Valid Monday August 29, 2016 to Friday September 09, 2016
US Hazards Outlook
NWS Climate Prediction Center College Park MD
EDT August 26 2016Synopsis
: At the start of the period, a
tropical disturbance is expected over the eastern Gulf of Mexico. This system
is currently anticipated to move slowly northwestward then drift
north/northeastward towards the eastern Gulf Coast and the southeast states.
Upper-level low pressure is anticipated over parts of the southern Plains Aug
29-30. Upper-level high pressure is predicted over the west-central U.S. for
much of the assessment period. Surface low pressure near the Alaska Panhandle
early in the period is forecast to bring unsettled weather to the region, while
later in the period surface low pressure is expected over the Aleutians. During
week-2, upper-level low pressure is anticipated over the western U.S. while
upper-level high pressure is expected over the central part of the nation.
Detailed Summary For Monday August
29 - Friday September 02:
- Heavy rain for parts of the Tennessee Valley,
southeast and Mid-Atlantic, Mon-Fri, Aug 29-Sep 2.
- Heavy rain for parts of southern Texas, Mon-Tue, Aug 29-Aug 30.
- Much above normal temperatures for parts of the Northern Rockies and
Northern Plains, Mon-Tue, Aug 29-30.
- Flooding possible, occurring or imminent across portions of the Great Lakes
and the Mississippi Valley.
- Slight chance of much above normal temperatures for parts of the Northern
and Central Plains, Upper and Middle Mississippi Valley, and Great Lakes,
Sat-Sun, Sep 3-4.
- Moderate chance of much above normal temperatures for parts of the Northern
and Central Plains, and Upper Mississippi Valley, Sat, Sep 3.
- Severe Drought across parts of the eastern U.S., Great Plains, northern
Rockies, Great Basin, Arizona, California, eastern Oregon, and Hawaii.
Early in the period, a tropical disturbance is
forecast over the eastern Gulf of Mexico. The disturbance is expected to drift
northwestward then north/northeastward towards the eastern Gulf Coast by Sep,
1, and over the southeast Sep 2. This leads to expected heavy rain (in excess
of 1 inch in 24 hours) for parts of the Tennessee Valley, southeast and
Mid-Atlantic Aug 29-Sep 2. The exact track and strength of the tropical
disturbance are highly uncertain at this time and additional impacts (flooding,
isolated tornadoes, high winds, significant waves, beach erosion, etc.) are
possible for parts of the southeast and Gulf coast. In addition, parts of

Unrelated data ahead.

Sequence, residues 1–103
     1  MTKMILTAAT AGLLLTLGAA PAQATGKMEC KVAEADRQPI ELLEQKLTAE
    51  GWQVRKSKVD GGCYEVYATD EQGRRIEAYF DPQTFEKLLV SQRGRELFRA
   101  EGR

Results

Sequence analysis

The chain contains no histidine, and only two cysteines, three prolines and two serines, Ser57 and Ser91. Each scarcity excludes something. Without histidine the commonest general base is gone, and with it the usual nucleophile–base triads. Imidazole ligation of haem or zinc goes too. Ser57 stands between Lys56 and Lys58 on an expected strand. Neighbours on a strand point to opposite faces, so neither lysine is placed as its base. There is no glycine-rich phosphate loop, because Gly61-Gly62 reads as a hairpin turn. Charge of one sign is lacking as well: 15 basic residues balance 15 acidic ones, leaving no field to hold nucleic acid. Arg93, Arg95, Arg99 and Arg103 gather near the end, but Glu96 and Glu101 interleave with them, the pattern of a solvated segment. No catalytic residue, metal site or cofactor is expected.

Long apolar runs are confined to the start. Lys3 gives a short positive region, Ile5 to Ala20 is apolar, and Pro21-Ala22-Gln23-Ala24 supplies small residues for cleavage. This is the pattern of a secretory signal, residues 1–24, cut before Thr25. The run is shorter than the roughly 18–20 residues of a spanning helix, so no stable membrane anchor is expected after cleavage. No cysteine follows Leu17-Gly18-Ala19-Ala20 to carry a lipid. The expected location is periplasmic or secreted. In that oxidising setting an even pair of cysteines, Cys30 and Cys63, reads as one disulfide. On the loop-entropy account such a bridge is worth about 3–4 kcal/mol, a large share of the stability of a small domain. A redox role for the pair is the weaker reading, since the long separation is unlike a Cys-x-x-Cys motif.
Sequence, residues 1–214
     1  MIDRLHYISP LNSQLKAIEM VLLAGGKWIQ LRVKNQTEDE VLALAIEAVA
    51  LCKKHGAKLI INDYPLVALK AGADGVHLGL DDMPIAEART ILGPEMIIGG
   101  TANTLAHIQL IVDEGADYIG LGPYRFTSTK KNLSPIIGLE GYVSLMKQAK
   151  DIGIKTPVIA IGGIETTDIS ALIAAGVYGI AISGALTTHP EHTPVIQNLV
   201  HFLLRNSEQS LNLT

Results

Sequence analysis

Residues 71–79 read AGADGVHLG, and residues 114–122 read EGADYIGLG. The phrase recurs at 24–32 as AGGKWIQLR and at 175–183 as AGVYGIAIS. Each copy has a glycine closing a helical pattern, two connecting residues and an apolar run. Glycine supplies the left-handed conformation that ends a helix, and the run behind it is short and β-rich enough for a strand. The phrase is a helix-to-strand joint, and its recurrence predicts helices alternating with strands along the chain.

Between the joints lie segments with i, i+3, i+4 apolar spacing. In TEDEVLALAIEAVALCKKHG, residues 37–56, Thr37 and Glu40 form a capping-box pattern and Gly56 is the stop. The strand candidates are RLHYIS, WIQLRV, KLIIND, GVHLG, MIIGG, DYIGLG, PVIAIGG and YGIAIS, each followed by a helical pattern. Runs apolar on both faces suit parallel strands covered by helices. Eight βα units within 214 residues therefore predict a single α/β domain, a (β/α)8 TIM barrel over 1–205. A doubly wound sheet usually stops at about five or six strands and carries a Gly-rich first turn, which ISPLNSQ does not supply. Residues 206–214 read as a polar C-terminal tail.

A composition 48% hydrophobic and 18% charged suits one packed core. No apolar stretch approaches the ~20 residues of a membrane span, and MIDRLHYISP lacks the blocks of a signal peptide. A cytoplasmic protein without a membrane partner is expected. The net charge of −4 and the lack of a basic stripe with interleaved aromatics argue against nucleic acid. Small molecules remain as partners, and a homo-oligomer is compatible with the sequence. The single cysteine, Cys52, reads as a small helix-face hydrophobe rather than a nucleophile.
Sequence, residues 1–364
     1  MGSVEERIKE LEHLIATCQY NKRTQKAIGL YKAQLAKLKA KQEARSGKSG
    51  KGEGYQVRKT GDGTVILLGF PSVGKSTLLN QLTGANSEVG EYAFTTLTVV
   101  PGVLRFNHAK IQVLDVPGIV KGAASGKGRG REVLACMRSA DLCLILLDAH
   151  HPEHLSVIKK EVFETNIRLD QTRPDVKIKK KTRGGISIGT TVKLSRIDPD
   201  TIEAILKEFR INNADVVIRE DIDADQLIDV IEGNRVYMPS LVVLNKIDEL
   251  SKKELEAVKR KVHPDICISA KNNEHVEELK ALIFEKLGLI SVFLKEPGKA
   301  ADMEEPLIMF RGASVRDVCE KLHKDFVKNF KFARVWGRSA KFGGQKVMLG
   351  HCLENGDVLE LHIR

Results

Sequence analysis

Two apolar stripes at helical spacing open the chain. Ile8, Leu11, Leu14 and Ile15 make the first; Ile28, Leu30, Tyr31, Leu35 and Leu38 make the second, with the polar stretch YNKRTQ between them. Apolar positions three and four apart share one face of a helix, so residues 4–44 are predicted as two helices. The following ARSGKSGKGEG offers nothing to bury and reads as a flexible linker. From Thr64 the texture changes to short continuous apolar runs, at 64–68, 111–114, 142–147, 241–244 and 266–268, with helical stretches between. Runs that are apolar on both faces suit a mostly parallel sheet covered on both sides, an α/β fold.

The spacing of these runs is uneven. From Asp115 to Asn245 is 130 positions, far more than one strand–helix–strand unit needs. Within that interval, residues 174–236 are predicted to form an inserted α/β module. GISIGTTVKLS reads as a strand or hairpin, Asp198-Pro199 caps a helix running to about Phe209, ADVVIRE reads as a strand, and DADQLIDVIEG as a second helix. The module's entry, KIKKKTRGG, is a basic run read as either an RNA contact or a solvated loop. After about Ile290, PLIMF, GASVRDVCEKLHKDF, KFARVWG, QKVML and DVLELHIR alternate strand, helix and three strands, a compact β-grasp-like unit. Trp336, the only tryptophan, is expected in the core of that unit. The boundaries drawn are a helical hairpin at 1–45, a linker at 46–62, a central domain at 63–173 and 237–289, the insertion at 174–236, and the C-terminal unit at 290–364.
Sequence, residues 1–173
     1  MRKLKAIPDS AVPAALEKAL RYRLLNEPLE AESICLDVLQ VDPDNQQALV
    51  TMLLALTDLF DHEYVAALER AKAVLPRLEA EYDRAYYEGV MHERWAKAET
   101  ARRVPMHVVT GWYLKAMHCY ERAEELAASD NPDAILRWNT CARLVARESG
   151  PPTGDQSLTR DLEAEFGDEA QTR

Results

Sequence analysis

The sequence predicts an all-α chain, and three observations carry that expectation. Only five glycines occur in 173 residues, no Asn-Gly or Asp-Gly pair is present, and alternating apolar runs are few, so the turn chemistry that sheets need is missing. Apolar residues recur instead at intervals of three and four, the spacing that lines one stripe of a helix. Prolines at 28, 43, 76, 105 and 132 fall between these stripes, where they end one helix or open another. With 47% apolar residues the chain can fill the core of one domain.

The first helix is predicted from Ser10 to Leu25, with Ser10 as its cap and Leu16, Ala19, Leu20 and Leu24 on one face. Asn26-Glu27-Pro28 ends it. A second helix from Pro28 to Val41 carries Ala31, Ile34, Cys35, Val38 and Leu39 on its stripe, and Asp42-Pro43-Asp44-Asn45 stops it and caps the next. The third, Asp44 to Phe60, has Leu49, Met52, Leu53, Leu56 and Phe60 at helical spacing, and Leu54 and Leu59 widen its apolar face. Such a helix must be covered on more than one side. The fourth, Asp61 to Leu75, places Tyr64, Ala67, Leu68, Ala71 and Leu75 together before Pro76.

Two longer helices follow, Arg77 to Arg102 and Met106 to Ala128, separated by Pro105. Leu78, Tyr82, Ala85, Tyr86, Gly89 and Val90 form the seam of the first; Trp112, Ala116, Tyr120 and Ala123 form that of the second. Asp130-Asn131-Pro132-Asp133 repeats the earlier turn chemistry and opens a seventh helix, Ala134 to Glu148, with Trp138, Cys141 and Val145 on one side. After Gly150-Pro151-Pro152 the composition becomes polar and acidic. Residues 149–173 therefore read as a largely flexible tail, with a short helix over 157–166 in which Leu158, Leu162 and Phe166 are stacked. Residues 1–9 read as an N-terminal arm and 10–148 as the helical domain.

Louisiana are currently experiencing flooding so that additional heavy rainfall
would extend and exacerbate flooding concerns, although the heaviest rain is
currently expected to fall to the east of where the most serious flooding is
occurring. Please consult the latest advisories from the National Hurricane
Center at http://www.nhc.noaa.gov/.
A mid-level trough is forecast to move westward across southern Texas. This
leads to anticipated heavy rain (in excess of 1 inch in 24 hours) for parts of
southern Texas Aug 29-30.
An amplified ridge over the interior western CONUS leads to a forecast for
much above normal temperatures (positive anomalies of 10-12 degrees F) for
parts of the Northern Rockies and Northern Plains Aug 29-30.
Monsoonal flow is expected to cause locally heavy rain for parts of the
Antecedent rainfall, in combination with additional rainfall expected
during the period leads to flooding possible, imminent, or occurring across
portions of the Great Lakes and the Mississippi Valley.
Despite dry fuels over much of the western CONUS, wind speeds are forecast
to lessen so that critical fire weather conditions are not currently
anticipated early in the period. Later in the period, model uncertainty is too
large to specify a hazard shape.
A tropical system expected to develop over the eastern Pacific may approach
Hawaii late in this period or early in the week-2 period. Please consult the
latest advisories from NHC at http://www.nhc.noaa.gov/ and the Central Pacific
Hurricane Center at http://www.prh.noaa.gov/cphc/. For Saturday September 03 -
Friday September 09:
During week-2 the circulation pattern is expected to
feature a trough over the western CONUS, a weak ridge over the central states,
and a weak trough just off the Mid-Atlantic coast. This circulation pattern
favors below normal temperatures over the western CONUS. Anomalous southerly
flow leads to a slight risk of much above normal temperatures for parts of the
Northern and Central Plains, Upper and Middle Mississippi Valley, and Great
Lakes Sep 3-4 and a moderate risk of much above normal temperatures for parts
of the Northern and Central Plains, and Upper Mississippi Valley Sep 3.
The tropical disturbance currently northeast of Cuba of Haiti may be
impacting parts of the southeast and Mid-Atlantic early in the period but model
uncertainty precludes the specification of hazard shapes at the current time.
The Atlantic is showing increased tropical activity and this evolution will
need to be monitored. Please consult the latest advisories from the National
Hurricane Center at http://www.nhc.noaa.gov/.
According to the U.S. Drought Monitor, the coverage of severe or greater
drought decreased slightly to 7.41 percent from 7.71 percent. Improvements were
realized across central Texas and the Tennessee Valley.
Click here to see a display of the GFS Ensemble Forecasts
Please consult local NWS Forecast Offices for short range forecasts and region-specific information.